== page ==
A Markov cohort model can use a Markov process or a Markov chain. In a Markov chain model, the probability of an event remains constant over time. In the example above, the probability of moving from uncontrolled diabetes to controlled diabetes would be the same across all model cycles, even as the cohort ages. In a Markov process model, the probability of an event can change over time. For example, a Markov process model may assign a lower probability of moving from uncontrolled diabetes to controlled diabetes as the cohort ages.
Discrete event simulation models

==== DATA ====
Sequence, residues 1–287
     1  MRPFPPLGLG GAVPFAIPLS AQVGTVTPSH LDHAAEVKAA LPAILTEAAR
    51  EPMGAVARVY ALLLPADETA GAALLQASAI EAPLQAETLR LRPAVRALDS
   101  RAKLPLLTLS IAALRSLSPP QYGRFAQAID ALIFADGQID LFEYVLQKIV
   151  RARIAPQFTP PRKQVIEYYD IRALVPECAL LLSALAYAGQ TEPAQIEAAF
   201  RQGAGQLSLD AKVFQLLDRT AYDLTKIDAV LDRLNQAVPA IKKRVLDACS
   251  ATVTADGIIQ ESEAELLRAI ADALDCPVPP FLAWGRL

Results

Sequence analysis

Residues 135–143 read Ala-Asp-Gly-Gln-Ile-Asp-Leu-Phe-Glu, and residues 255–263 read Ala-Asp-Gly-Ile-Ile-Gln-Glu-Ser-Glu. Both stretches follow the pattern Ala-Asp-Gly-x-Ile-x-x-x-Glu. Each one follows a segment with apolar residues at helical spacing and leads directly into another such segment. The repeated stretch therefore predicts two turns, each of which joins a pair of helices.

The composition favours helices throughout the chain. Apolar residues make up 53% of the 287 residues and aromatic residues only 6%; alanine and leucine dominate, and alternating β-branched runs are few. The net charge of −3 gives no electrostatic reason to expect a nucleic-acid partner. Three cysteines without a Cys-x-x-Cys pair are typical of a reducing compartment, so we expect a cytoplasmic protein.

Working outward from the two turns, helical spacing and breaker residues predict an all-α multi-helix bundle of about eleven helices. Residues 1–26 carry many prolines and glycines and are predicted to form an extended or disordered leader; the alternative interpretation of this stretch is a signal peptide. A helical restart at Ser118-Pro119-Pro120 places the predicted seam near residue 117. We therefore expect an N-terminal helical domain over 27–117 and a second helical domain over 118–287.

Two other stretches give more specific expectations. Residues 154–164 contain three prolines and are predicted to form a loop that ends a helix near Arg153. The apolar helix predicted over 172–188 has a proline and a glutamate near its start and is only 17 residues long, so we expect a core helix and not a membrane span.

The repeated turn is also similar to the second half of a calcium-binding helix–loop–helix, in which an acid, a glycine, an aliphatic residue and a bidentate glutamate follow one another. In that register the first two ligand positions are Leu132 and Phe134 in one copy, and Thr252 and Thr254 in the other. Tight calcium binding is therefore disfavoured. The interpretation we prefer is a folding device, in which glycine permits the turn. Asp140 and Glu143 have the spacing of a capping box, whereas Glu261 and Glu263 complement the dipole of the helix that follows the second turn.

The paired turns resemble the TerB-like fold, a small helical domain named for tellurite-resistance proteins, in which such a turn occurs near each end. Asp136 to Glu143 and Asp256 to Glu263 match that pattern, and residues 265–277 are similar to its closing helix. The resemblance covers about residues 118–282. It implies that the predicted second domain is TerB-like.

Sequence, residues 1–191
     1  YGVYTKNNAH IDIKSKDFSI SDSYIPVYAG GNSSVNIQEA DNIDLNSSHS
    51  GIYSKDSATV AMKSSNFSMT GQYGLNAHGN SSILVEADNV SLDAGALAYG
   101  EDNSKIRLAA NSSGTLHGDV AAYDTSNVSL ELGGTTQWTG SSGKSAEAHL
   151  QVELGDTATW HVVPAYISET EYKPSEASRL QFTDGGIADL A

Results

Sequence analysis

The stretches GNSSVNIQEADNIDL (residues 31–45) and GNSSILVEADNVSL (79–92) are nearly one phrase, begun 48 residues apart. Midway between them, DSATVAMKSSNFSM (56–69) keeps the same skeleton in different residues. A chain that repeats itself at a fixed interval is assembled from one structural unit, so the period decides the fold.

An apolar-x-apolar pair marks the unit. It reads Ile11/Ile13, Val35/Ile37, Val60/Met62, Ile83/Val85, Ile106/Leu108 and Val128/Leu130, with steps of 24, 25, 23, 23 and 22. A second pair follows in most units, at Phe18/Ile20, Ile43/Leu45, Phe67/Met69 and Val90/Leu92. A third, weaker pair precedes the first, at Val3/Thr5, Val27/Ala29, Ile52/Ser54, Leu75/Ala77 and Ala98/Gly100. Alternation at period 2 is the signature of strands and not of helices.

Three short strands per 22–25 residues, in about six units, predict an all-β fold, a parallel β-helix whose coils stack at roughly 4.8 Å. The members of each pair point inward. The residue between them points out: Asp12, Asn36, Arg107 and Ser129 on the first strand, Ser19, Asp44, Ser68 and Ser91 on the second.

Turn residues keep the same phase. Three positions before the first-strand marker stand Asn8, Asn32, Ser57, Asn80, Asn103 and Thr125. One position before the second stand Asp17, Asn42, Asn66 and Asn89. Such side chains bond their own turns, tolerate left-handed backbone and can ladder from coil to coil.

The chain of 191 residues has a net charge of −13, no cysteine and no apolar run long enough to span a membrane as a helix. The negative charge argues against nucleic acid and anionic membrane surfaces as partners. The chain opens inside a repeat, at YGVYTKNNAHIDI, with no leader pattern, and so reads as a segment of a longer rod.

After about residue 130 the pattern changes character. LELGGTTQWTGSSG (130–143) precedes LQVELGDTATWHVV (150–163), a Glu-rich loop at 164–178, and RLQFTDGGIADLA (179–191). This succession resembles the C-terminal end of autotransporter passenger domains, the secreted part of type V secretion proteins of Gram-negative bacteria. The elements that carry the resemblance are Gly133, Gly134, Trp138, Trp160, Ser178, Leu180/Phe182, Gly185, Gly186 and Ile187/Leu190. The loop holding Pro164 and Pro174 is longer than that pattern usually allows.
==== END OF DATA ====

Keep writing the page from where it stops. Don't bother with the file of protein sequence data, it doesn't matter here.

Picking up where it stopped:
Discrete event simulation models were first used in industrial engineering and operations research. They are most useful when: 1) when one is evaluating a problem that involves constrained resources (e.g., modeling throughput in an emergency department); or 2) when there are interactions between individuals (e.g., transmission of infectious disease) or interactions between individuals and their environment (e.g., the emergency department becomes crowded on nights and weekends due to the unavailability of urgent care). In a discrete event simulation, events must be mutually exclusive. Individuals progress through the model only if they experience a new event (e.g., moving from the ED waiting room to an ED exam room).